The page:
We need to update land assessments

December 20, 2013

Steve Hyle's email, printed Dec. 13 points out some peculiarities of our tax structure, and suggests that we are capable of "attempting to tax anything that moves or doesn't move."

In 1871, a wise Tennessee businessman named Enoch Ensley wrote to his governor a long letter which included a wise maxim:

Never Tax Anything
That Would Be of Value to Your State,
That Could and Would Run Away, or
That Could and Would Come to You.

In 1880, Philadelphia-born Henry George published a landmark book entitled "Progress and Poverty."  It became the No. 2 bestseller of the last 20 years of that century (second only to the Bible), and its thesis was that a wise and just society would base its tax system on taxes on the value of land, collecting the lion's share of the annual rental value of land, and eliminating taxes on buildings, imports, sales, wages and other things which go away when taxed.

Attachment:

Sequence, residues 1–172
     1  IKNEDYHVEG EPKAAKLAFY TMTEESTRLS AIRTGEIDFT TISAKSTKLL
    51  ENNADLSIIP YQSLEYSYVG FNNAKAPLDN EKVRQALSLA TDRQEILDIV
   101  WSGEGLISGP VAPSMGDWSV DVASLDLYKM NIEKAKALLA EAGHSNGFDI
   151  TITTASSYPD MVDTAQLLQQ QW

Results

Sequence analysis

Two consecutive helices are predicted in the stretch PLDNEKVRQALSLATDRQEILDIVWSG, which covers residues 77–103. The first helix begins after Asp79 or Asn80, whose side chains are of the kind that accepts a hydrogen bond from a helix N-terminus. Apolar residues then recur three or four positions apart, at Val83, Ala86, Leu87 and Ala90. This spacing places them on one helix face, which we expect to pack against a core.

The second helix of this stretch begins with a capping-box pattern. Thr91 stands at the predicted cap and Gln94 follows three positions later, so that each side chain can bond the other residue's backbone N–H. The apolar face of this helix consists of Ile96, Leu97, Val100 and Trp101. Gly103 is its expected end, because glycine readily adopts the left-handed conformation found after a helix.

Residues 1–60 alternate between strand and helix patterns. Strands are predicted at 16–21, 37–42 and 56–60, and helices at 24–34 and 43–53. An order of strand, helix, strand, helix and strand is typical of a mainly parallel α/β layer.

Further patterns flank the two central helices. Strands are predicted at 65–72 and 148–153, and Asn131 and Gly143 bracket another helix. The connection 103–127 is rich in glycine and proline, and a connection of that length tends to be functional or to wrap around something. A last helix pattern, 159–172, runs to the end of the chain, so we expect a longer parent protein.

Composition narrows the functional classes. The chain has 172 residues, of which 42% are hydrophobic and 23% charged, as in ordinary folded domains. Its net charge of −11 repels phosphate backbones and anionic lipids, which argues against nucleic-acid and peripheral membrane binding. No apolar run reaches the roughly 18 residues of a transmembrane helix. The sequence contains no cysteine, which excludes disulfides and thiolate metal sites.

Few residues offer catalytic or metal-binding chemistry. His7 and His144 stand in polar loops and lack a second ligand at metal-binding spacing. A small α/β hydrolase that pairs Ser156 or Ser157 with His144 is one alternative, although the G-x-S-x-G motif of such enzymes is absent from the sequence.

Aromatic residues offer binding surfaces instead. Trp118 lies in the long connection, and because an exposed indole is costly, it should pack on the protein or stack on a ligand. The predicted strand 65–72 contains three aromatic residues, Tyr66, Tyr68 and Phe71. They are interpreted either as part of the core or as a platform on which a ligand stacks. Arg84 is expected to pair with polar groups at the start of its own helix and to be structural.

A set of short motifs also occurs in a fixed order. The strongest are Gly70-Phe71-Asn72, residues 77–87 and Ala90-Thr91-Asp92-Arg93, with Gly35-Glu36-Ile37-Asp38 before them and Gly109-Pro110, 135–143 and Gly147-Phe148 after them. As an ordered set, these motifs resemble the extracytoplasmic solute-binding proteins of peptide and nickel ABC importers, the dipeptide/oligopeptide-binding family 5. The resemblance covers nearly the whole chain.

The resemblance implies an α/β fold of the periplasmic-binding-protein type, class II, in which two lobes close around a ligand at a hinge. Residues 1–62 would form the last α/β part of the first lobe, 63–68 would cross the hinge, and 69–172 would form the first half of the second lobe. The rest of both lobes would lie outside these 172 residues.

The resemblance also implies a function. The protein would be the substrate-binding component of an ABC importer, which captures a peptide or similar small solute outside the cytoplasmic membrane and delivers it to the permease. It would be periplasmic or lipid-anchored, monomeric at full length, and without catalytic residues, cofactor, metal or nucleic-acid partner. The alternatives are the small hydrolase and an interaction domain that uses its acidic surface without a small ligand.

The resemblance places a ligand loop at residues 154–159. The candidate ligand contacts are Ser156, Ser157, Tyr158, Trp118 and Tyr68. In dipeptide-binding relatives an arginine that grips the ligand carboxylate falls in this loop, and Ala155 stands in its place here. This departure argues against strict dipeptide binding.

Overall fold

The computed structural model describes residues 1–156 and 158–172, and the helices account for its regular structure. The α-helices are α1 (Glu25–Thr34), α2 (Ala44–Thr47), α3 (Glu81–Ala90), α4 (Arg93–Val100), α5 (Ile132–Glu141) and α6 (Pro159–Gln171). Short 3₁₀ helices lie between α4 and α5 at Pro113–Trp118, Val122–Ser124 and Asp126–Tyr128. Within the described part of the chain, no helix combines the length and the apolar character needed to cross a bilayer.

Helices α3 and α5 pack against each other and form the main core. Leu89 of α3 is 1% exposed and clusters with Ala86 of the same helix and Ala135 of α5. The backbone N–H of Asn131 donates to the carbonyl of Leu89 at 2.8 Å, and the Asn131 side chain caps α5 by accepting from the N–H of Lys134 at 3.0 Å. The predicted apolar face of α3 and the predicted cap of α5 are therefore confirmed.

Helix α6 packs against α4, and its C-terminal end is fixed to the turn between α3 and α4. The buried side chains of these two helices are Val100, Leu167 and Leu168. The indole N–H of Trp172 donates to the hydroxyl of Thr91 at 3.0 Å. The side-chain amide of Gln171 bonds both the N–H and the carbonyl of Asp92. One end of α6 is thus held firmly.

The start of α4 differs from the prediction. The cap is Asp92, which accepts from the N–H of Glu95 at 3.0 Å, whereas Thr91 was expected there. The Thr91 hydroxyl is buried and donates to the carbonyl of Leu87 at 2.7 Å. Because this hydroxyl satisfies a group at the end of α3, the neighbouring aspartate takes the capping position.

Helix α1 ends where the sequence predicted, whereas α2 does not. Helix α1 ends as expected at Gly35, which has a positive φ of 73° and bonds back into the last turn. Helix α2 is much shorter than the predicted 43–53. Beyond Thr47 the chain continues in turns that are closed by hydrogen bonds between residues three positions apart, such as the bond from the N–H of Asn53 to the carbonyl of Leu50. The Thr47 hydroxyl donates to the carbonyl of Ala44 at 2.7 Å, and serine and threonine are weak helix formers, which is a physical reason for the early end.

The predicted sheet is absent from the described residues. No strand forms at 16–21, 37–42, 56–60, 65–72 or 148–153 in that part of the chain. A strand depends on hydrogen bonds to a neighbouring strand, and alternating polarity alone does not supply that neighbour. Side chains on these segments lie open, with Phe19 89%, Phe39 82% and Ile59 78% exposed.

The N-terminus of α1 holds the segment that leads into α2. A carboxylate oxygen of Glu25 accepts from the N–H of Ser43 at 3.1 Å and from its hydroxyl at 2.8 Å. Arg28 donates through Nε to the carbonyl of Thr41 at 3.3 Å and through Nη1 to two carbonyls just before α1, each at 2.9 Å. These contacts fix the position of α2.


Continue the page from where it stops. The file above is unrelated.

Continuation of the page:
George's ideas were widely understood and discussed and embraced.  They inspired the woman who created (1902) The Landlord's Game, the predecessor to the 1930's game Monopoly. They weren't, however, popular with those who endowed the universities, and others in a position of power, and they've largely disappeared from college and university curricula - though not from the best economics textbooks.

We'd be wise not to tax buildings or other improvements - including solar panels (whether owned or leased).  We ought to be basing our property taxes on 2014 land values, instead of land values from the 1980s or before.

Taxpayers' investment in infrastructure such as the Coastal Highway, as well as consumer preference for waterfront has increased the value of coastal land far more quickly than the value of inland value has increased, and our ancient assessments do not reflect that.  We ought to be updating our land assessments every few years. (Valuing land well is not all that expensive.)

Near-the-coast sites are often far more valuable than even the newer homes built on them, but you'd never know that from our assessments.

Wyn Achenbaum
Rehoboth Beach

blog: ... 
LVT -- Land Value Taxation -- the only tax system worthy of a fan club!
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